Docs



Styleguide

This styleguide was created using Fabricator. It was primarily created for Blizzard OWL which uses it's dist folder as the public assets folder for the app.


Note: This documentation was created by Haven for the original outsourcing of the OWL project. Some of it may or may not be relevant anymore as we haven't fully updated the docs to match our new changes.


Styleguide Specific Styles

Sometimes there is a default style for a component that we know won't work in the context of the styleguide. For example, some component might need to be position: fixed in the app, but not in the styleguide.

In these cases, you can add overrides in the stylguide overrides file located at src/assets/fabricator/styles/partials/_blizzard-styleguide-only.scss

Bootstrap

This styleguide extends Bootstrap 3 SASS. You can use any of the Bootstrap classes provided from it's documention. Most layout and scaffolding is provide by Bootstrap.

Ex: Bootstrap Grid Classes

<div class="row">
  <div class="col-md-1">.col-md-1</div>
  <div class="col-md-1">.col-md-1</div>
  <div class="col-md-1">.col-md-1</div>
  <div class="col-md-1">.col-md-1</div>
  <div class="col-md-1">.col-md-1</div>
  <div class="col-md-1">.col-md-1</div>
  <div class="col-md-1">.col-md-1</div>
  <div class="col-md-1">.col-md-1</div>
  <div class="col-md-1">.col-md-1</div>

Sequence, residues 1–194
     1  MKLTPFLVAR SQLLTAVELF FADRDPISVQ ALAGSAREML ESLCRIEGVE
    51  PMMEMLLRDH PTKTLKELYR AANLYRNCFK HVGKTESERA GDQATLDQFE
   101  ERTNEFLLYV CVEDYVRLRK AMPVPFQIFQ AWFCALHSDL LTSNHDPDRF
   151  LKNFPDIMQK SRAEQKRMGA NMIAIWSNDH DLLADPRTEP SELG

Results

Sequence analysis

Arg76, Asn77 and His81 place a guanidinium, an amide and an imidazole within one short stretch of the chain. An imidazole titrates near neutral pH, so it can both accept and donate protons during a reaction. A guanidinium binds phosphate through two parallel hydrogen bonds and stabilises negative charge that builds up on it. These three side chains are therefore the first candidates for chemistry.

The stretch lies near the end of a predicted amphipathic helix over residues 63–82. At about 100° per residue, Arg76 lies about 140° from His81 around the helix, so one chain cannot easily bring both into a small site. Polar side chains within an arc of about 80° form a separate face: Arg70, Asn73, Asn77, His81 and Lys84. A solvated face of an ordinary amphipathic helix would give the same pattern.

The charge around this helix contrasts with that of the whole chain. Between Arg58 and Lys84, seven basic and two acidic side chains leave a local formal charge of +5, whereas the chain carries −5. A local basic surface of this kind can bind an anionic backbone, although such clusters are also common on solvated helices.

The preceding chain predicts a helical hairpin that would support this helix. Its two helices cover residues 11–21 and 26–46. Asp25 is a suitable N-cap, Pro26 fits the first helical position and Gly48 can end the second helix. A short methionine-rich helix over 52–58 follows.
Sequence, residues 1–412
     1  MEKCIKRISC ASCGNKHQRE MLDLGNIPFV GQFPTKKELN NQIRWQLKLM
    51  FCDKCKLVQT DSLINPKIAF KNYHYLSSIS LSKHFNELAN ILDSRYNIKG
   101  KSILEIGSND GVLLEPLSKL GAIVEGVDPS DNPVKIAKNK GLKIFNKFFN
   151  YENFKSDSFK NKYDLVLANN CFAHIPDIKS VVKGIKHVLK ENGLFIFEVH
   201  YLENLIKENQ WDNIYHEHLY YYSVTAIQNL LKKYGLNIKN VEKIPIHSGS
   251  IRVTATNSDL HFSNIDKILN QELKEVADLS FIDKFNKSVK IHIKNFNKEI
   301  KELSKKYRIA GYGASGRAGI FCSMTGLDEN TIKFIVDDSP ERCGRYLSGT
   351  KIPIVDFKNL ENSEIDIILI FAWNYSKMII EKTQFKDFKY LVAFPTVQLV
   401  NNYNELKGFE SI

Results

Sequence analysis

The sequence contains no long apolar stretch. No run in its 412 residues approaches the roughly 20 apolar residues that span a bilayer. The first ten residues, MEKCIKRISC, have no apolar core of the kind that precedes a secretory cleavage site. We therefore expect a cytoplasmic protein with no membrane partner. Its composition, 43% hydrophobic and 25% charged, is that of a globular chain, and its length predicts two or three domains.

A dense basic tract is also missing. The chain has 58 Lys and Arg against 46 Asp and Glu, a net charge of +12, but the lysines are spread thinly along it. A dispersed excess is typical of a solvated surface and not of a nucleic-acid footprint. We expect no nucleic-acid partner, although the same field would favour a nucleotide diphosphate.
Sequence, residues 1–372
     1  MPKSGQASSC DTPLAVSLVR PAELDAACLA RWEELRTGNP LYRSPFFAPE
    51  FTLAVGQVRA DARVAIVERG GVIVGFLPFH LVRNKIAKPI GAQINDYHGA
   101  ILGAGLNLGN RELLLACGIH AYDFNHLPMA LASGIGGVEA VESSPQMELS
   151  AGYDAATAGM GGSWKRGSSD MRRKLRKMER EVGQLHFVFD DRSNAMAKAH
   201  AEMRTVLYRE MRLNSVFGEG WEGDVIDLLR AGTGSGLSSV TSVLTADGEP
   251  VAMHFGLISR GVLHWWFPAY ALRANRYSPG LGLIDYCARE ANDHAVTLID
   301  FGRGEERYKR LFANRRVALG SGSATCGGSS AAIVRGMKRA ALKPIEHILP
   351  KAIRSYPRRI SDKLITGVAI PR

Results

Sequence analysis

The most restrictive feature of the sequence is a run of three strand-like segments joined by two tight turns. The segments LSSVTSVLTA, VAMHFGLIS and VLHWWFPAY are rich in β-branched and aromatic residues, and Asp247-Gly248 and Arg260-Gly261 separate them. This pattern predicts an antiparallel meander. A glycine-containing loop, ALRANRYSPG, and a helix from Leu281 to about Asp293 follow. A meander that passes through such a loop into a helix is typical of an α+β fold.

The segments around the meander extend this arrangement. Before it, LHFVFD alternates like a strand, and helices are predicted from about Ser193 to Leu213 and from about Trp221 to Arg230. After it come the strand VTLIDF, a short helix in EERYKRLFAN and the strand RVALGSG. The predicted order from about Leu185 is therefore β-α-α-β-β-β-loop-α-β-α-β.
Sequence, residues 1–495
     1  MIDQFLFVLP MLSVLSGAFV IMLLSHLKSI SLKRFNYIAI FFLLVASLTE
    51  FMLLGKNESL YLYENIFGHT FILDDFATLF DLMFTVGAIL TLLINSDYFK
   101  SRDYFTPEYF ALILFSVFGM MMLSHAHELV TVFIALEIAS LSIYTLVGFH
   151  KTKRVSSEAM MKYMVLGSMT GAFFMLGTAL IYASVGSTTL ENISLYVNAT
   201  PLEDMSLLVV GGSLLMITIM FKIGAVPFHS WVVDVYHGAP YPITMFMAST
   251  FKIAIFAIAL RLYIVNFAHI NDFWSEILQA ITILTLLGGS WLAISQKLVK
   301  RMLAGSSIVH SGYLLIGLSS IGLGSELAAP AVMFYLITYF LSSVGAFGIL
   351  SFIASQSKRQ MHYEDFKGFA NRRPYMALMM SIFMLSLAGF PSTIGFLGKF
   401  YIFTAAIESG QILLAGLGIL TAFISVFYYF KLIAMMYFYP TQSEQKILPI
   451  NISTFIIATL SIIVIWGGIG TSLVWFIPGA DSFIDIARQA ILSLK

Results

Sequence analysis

<div class="col-md-1">.col-md-1</div>
  <div class="col-md-1">.col-md-1</div>
  <div class="col-md-1">.col-md-1</div>
</div>
<div class="row">
  <div class="col-md-8">.col-md-8</div>
  <div class="col-md-4">.col-md-4</div>
</div>
<div class="row">
  <div class="col-md-4">.col-md-4</div>
  <div class="col-md-4">.col-md-4</div>
  <div class="col-md-4">.col-md-4</div>
</div>
<div class="row">
  <div class="col-md-6">.col-md-6</div>
  <div class="col-md-6">.col-md-6</div>
</div>
Usage of Bootstrap in workflow

We first import the base Bootstrap UI library, then we have a directory in src/assets/toolkit/styles/ called bootstrap-overwatch. This contains the OWL flavored Bootstrap overrides.

We import the Bootstrap base, then the OWL Bootstrap overrides, then finally our custom styles last.

Css Naming Convention

Our chosen naming convention for this styleguide is SuitCSS.


.MyComponent {}
.MyComponent.is-animating {}
.MyComponent--modifier {}

.MyComponent-part {}
.MyComponent-anotherPart {}

Namespacing

Namespacing is used to help group Sass files and classes by their purpose in the overall architecture of the styleguide. It is based on a technique by Harry Roberts.

Namespacing Guide:


// Object Namespace
.o-Object {}

// Component Namespace
.c-Component {}

// Utility Namespace
.u-utility {}

// Vendor Namespace
.v-Vendor {}

In addition to this, we namespace file names for settings, mixins, functions, etc.

  • Settings : _s
  • Elements : _e
  • General : _g
  • Tools : _t-mx, _t-fn

Javascript

This styleguide uses webpack to bundle ES6 javascript into browser compatible Javascript.

const foo = 'bar'

The main js file is toolkit.js, but there are some support files:

  • config.js Global settings for things like state, timings and easings.
  • util/ A collection of utility functions.
  • features/ Various features of the site are broken off into their own files for ease of maintenance. For example, extended lightbox functionality for PhotoSwipe.